designmango-Introduction to Facial recognition technology

Introduction to Facial recognition technology

A technique for recognising or confirming a person's identification using their face is facial recognition. People can be recognised in real time, on camera, or in pictures using facial recognition software. Mobile devices may potentially be used by law enforcement to identify people during police stops. This technology is roughly 50 years older than I am. Woodrow W. Bledsoe, a pioneer in artificial intelligence, developed it in 1967 using the RAND tablet, a computer graphics input device.

How does this method function?

Facial recognition systems are used by computer algorithms to recognise specific well-known traits on a person's face. The data is then transformed into a numerical model and contrasted with data gathered from a face recognition database about other faces. The area between the eyes or the chin's contour are two examples of these features. Face-specific data is occasionally referred to as a face template since it is designed to only include specific attributes that can be used to separate one face from another.

Positive aspects of facial recognition:

- Fastest method: Facial recognition technology makes remote authentication quick and simple.

- User experience: Facial recognition systems offer a simple, organised, and quick user experience, doing away with the need for lengthy wait times or video conferences.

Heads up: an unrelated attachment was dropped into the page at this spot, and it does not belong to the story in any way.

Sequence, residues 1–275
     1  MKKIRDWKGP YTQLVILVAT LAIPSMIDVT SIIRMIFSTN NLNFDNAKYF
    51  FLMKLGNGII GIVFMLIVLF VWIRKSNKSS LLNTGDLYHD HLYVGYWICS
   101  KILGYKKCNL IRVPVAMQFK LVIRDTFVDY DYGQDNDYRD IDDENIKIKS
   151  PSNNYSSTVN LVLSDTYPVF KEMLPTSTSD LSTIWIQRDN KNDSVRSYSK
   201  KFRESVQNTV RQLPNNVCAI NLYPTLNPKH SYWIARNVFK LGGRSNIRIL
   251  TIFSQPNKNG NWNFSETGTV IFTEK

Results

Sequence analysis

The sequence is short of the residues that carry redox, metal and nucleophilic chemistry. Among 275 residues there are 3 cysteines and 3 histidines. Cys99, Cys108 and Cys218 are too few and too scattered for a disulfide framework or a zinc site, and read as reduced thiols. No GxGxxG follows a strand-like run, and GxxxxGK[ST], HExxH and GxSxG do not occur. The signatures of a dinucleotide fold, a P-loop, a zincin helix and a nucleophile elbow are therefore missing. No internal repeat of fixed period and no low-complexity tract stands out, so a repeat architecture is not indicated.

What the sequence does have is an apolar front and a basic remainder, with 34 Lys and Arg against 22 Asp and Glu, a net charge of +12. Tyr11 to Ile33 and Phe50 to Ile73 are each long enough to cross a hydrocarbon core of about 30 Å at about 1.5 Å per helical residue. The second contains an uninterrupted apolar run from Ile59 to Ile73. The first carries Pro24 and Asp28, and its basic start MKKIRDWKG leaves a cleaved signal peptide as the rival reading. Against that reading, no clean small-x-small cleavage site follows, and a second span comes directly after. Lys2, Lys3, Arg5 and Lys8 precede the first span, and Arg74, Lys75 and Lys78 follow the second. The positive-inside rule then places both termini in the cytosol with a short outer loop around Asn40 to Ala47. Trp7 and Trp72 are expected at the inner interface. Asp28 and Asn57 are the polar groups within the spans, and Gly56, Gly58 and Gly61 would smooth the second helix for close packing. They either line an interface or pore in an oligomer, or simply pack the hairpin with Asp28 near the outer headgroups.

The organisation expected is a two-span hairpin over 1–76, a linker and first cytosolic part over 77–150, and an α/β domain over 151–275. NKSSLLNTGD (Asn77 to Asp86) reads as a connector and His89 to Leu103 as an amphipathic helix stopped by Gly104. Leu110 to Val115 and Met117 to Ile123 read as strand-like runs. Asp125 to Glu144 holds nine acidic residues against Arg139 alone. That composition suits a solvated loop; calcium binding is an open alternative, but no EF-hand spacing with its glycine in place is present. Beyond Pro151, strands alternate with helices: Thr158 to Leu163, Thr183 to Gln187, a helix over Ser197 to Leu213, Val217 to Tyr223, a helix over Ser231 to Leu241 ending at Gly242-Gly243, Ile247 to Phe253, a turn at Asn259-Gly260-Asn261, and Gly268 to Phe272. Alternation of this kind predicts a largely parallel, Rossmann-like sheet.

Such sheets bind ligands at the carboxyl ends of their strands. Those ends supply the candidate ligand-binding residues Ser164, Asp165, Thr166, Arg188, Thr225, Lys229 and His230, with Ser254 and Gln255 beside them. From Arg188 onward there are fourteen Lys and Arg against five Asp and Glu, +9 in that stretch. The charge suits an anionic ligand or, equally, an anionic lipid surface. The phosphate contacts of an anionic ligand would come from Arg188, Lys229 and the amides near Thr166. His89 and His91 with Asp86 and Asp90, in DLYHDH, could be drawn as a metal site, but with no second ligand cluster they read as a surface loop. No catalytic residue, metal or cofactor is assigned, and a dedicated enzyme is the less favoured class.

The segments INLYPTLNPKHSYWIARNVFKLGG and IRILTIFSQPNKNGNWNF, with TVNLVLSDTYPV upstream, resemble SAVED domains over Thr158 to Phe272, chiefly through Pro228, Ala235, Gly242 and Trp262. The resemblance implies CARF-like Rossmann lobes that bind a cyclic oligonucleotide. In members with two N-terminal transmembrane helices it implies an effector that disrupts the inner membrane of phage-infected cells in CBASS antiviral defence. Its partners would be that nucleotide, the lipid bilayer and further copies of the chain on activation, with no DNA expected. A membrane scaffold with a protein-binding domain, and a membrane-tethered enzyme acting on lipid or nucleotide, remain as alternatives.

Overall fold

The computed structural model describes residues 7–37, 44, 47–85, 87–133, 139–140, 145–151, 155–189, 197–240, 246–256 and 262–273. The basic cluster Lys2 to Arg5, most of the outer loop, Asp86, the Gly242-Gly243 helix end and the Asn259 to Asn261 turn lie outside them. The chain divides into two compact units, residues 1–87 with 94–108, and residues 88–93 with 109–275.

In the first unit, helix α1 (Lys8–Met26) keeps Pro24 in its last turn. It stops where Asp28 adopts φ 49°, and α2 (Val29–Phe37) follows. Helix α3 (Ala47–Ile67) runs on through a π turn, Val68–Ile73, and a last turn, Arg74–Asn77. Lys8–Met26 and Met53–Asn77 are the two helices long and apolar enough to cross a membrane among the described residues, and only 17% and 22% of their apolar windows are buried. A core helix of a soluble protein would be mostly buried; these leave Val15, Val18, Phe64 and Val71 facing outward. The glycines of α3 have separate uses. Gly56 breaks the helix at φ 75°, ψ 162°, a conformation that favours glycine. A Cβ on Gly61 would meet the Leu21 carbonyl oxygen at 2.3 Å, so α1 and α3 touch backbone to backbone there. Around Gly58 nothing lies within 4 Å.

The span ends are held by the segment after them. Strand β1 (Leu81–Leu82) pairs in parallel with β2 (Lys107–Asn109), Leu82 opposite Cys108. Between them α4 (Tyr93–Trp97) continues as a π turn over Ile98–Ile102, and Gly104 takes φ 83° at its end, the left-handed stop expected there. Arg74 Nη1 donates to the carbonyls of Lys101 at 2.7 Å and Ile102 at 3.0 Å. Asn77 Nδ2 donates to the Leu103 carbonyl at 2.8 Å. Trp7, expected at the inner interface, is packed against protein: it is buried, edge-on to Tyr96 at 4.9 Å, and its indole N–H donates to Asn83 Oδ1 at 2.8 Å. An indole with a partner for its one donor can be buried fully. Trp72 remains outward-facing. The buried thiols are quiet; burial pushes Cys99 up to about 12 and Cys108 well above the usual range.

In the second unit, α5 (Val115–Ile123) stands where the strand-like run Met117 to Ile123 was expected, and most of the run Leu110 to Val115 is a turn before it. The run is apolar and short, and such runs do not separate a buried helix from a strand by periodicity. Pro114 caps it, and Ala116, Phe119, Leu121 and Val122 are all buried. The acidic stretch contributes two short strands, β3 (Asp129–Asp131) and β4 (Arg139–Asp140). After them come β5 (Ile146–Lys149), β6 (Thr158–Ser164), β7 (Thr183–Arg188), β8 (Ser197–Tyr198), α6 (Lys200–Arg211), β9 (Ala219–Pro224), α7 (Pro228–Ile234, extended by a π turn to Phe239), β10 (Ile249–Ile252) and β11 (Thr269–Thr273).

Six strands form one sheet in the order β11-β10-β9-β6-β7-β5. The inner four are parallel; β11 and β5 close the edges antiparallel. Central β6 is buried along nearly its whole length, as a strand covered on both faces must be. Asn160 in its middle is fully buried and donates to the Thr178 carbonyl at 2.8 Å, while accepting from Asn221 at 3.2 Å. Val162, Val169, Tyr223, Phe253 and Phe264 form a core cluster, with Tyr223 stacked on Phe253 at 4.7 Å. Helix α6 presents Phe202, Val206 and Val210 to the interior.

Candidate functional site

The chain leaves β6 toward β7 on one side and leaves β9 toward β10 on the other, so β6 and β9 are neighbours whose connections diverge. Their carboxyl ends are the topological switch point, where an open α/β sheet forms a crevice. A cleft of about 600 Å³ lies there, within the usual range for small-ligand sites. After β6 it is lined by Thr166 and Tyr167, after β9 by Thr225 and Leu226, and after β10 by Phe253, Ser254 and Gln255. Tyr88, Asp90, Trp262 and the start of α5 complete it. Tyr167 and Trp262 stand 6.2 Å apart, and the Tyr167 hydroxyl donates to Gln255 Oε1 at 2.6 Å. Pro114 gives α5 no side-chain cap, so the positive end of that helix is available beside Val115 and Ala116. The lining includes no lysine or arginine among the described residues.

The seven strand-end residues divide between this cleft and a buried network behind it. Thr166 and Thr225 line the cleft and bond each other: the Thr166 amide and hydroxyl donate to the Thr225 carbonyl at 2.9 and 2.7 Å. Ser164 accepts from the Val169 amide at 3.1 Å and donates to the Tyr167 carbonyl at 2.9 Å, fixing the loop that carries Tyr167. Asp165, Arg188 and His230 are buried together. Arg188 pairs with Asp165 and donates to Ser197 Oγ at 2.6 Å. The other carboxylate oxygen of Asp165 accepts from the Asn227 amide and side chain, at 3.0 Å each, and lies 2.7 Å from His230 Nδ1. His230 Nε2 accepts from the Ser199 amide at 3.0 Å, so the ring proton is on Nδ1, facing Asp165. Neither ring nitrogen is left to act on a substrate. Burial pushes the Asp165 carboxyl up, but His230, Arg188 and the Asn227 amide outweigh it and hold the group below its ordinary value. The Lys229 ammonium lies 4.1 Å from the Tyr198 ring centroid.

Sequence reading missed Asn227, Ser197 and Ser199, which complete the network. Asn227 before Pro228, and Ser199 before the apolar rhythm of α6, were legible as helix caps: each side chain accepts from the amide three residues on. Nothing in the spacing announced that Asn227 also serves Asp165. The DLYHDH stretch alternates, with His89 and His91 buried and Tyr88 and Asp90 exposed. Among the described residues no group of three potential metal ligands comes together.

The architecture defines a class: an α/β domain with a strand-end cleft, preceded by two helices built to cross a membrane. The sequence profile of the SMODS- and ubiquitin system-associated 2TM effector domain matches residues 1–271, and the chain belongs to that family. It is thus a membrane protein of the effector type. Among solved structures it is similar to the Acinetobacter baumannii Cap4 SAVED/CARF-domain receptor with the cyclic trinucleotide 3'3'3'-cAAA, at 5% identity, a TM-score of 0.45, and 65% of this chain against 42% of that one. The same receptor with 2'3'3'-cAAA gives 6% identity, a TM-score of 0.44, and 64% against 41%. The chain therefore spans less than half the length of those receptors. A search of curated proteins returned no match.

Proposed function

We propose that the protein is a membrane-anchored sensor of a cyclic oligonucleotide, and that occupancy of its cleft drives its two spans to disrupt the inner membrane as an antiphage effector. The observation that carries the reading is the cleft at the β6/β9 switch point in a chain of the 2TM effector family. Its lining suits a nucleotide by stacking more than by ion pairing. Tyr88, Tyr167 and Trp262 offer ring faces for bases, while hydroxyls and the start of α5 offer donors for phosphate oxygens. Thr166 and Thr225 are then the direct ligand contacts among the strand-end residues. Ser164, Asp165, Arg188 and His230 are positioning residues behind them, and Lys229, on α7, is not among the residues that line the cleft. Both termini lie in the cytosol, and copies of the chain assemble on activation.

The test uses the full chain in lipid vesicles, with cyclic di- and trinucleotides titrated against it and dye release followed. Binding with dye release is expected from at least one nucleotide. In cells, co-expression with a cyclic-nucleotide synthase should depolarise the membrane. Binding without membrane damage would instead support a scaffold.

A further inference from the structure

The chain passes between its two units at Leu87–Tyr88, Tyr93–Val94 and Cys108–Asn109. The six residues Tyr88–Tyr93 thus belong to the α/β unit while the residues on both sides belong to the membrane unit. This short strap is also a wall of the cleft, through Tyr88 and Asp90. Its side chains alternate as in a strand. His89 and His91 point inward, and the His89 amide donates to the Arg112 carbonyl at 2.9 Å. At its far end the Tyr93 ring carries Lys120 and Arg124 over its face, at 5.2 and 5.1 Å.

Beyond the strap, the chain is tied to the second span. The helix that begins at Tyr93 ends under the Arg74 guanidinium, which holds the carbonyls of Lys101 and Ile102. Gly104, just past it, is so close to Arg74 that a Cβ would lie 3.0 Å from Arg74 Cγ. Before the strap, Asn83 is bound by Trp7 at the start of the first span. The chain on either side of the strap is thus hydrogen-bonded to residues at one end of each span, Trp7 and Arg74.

- Security: Just like fingerprints or voices, each face is unique and has distinguishing features. In facial recognition systems, programmes, and matching software, facial biometrics and facial recognition algorithms are utilised.

- Compliance: Facial recognition using video identification is the only method recognised as a standard for remote identity verification for high-risk operations. (establishing bank accounts, executing agreements, etc.).

The course that society takes from here will probably involve both changes in the way that the government operates and modifications in how people behave personally, but the debate over this technology is not going away any time soon. Facial recognition is merely software, like any other technology, but Mutale Nkonde points out that how society utilises it will determine if it is effective: "My point of intervention is how this tool affects our civil and human rights because I think all technology is agnostic."

Matangi Agrawal

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